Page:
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Sex differences in child and adolescent physical morbidity: cohort study
  1. Helen Sweeting1,
  2. Elise Whitley1,
  3. Alison Teyhan2,
  4. Kate Hunt1
  1. 1 MRC/CSO Social and Public Health Sciences Unit, University of Glasgow, Glasgow, UK
  2. 2 Population Health Sciences, Bristol Medical School, University of Bristol, Bristol, UK
  1. Correspondence to Dr Helen Sweeting; helen.sweeting{at}


Background Evidence on sex differences in physical morbidity in childhood and adolescence is based largely on studies employing single/few physical morbidity measures and different informants. We describe sex differences in a wide range of parent/carer-reported physical morbidity measures between ages 4 and 13 years to determine evidence for a generalised pattern of an emerging/increasing female ‘excess’.

Methods Parents/carers (approximately 90% mothers) of the population-based UK ALSPAC cohort provided data on general health, physical conditions/symptoms and infections in their child approximately annually between ages 4 and 13. Logistic regression analyses determined the odds of each morbidity measure being reported in respect of females (vs males) at each age and the sex-by-age interaction, to investigate any changing sex difference with age.

Results Six measures (general health past year/month, high temperature, rash, eye and ear infections) demonstrated an emerging female ‘excess’, and six (earache, stomach-ache, headache, lice/scabies, cold sores, urinary infections) an increasing female ‘excess’; one (breathlessness) showed a disappearing male ‘excess’. Just two showed either an emerging or increasing male ‘excess’. Most changes were evident during childhood (prepuberty). Six measures showed consistent female ‘excesses’ and four consistent maleexcesses’. Few measures showed no sex differences throughout this period of childhood/early adolescence.

Conclusion Sex differences are evident for a wide range of parent-reported physical morbidity measures in childhood and early adolescence. Far more measures showed an emerging/increasing female ‘excess’ than an emerging/increasing male ‘excess’. Further studies are required to examine whether patterns differ across sociodemographic/cultural groups, and to explain this generalised pattern.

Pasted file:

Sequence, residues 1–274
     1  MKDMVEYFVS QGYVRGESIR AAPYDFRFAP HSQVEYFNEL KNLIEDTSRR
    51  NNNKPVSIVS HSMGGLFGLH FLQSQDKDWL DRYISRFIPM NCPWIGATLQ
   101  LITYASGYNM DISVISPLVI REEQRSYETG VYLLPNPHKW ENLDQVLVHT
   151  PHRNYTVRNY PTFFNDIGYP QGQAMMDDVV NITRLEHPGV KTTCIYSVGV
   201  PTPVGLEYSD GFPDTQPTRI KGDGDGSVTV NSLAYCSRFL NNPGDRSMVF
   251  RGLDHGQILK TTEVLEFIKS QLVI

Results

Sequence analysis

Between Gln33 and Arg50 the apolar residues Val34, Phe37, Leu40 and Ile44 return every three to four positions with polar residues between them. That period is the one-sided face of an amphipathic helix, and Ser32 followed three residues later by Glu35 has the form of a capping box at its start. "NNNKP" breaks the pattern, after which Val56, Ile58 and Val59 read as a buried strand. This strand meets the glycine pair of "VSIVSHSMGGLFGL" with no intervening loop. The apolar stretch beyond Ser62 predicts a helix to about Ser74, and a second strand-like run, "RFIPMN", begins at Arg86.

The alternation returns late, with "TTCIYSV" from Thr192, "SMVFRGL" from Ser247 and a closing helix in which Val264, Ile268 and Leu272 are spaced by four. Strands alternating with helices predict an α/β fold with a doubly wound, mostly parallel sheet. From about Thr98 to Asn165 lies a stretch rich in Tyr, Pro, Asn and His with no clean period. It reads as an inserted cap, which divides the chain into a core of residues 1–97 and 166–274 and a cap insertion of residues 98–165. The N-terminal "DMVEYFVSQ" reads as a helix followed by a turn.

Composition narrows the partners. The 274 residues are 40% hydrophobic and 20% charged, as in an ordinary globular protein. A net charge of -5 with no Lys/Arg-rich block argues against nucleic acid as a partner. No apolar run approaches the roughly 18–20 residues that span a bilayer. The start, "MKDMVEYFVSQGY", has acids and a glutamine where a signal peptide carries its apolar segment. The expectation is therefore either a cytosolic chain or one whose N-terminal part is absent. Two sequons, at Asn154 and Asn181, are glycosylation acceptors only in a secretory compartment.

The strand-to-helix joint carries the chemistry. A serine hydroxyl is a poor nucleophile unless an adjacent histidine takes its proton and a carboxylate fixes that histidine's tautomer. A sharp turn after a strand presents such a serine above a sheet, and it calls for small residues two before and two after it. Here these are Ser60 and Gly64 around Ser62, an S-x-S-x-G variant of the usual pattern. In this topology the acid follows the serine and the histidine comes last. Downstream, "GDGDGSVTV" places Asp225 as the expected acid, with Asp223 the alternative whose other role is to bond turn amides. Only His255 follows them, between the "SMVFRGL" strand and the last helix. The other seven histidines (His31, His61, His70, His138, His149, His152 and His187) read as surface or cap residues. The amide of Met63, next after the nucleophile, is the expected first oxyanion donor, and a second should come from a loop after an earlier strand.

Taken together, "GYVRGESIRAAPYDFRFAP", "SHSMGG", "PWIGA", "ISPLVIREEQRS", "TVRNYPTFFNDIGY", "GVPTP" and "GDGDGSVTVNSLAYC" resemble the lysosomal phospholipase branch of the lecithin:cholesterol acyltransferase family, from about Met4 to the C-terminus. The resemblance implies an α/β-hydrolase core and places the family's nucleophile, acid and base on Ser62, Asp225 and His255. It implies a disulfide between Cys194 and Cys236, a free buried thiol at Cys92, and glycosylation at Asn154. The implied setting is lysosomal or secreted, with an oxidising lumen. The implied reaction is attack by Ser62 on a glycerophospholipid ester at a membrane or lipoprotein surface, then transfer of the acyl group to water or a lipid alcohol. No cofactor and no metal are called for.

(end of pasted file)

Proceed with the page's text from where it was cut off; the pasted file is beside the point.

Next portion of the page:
• adolescent health
  • epidemiology
  • general paediatrics

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  • Contributors HS conceptualised and designed the study with KH, lead the data request and drafted all versions of the manuscript. EW advised on the data request, carried out the analyses, produced the graphical results and commented on all versions of the manuscript. AT advised on the data request, conducted the data extraction and commented on later versions of the manuscript. KH conceptualised and designed the study with HS and commented on all versions of the manuscript. All authors approved the final manuscript as submitted.

  • Funding This work was supported by the UK Medical Research Council, Wellcome Trust and University of Bristol. The UK Medical Research Council and Wellcome (Grant ref: 102215/2/13/2) and the University of Bristol provide core support for ALSPAC. HS, EW and KH are funded by the UK Medical Research Council MC_UU_12017/12 and MC_UU_12017/13. AT is supported by PEARL (Project to Enhance ALSPAC through Record Linkage), a programme of research funded by the Wellcome Trust (WT086118/Z/08/Z).

  • Competing interests None declared.

  • Ethics approval Ethical approval was obtained from the ALSPAC Law and Ethics Committee and local research ethics committee.

  • Provenance and peer review Not commissioned; externally peer reviewed.

  • Data sharing statement ALSPAC’s study website includes details of available data via a fully searchable data dictionary ( Our analysis was based on variables which we specifically requested.

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